Are you overweight and having trouble keeping your eyes open at work? Do you find yourself nodding off during class? According to a study presented at the Associated Professional Sleep Societies annual meeting in Boston, your daytime sleepiness may be caused by your weight. Apparently, people who are obese may feel more tired and sleepy than others.
Researchers conducted two studies involving 1,741 subjects, of which 1,173 didn’t report or exhibit daytime sleepiness. After 7.5 years, however, researchers detected a change in their sleepiness rate. New-onset excessive sleepiness was reported by 8 percent, while the rate of persistent daytime sleepiness was 38 percent. But when the obese participants lost weight, they also lost their daytime sleepiness.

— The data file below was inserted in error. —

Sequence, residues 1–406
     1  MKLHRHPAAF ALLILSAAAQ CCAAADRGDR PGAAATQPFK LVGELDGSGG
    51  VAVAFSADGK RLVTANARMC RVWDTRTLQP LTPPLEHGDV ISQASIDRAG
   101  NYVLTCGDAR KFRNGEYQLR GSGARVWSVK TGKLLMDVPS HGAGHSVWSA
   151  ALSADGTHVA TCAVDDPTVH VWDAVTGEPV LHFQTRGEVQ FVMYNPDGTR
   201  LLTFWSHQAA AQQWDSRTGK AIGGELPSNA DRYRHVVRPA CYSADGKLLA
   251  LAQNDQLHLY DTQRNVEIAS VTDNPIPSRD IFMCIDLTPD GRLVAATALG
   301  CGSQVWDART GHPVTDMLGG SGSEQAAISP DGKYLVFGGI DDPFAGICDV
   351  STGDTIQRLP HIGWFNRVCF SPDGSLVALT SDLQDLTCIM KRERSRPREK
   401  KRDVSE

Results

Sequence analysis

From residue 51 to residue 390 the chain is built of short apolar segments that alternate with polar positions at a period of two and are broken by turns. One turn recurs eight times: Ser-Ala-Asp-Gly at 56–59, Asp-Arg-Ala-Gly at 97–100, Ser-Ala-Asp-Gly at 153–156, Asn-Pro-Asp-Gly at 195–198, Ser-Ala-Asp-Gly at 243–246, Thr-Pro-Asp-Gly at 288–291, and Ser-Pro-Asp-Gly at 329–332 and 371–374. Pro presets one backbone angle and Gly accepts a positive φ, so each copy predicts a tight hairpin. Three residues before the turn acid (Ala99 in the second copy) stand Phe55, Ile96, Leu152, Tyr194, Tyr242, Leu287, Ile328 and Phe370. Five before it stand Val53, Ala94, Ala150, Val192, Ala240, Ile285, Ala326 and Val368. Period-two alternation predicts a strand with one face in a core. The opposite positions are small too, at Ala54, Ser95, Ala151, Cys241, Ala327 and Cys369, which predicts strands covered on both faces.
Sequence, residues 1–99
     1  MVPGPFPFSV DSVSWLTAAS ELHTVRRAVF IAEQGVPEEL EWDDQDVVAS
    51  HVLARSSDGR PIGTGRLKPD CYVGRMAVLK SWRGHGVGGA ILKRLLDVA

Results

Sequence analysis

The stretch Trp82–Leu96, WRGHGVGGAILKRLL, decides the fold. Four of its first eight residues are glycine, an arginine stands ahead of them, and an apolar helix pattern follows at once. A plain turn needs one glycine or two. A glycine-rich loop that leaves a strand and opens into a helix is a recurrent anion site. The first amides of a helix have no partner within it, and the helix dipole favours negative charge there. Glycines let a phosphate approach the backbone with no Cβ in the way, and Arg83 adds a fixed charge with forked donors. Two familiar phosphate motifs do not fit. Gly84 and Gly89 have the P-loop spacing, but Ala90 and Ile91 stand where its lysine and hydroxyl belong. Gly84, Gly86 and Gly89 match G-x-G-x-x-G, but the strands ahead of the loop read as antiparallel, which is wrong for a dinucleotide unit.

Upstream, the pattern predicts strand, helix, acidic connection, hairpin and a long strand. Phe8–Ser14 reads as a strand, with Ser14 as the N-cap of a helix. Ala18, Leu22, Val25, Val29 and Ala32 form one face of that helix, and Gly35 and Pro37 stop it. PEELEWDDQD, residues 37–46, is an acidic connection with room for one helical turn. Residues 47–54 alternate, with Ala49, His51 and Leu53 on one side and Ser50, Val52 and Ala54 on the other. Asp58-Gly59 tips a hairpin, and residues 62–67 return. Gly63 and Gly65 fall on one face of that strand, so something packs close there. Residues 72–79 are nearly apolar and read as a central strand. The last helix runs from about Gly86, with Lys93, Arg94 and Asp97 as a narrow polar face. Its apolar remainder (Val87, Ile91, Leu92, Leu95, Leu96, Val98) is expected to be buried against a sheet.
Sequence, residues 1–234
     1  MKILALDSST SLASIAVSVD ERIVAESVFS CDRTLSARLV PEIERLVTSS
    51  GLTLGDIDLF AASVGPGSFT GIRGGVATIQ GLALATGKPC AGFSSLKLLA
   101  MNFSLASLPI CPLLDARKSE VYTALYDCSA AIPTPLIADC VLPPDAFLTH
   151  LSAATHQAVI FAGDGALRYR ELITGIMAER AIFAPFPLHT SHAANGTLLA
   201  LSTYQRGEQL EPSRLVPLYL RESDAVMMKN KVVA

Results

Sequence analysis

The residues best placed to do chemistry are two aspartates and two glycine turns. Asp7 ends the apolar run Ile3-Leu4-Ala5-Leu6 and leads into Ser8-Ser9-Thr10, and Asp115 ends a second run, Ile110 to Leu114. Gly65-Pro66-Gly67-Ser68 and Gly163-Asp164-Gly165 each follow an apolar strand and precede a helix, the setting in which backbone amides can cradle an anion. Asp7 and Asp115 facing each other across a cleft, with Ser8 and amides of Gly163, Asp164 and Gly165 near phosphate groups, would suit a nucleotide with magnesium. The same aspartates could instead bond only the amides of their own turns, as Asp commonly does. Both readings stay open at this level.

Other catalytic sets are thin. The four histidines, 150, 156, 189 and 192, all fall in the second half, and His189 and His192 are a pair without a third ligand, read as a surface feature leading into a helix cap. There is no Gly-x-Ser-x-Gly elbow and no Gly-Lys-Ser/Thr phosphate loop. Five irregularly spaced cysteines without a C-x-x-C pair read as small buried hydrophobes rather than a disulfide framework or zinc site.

According to Dr. Scott Kahan, director of the National Center for Weight and Wellness in Washington DC, "Obesity and weight gain affect sleep, and poor sleep affects weight from a physiological and behavioral perspective.” It becomes a vicious cycle. Daytime sleepiness also comes with a host of other problems. For example, those with daytime sleepiness are less likely to take care of their health and are also more prone to sleep apnea. And while daytime sleepiness may not seem like too big a problem, it can lead to accidents and injuries in the workplace.
Avoiding daytime sleepiness may be another reason to start slimming down. The health benefits are certainly worth an hour of exercise or at least a smaller helping of dessert.
(Photo by Timothy Krause via Flickr Creative Commons)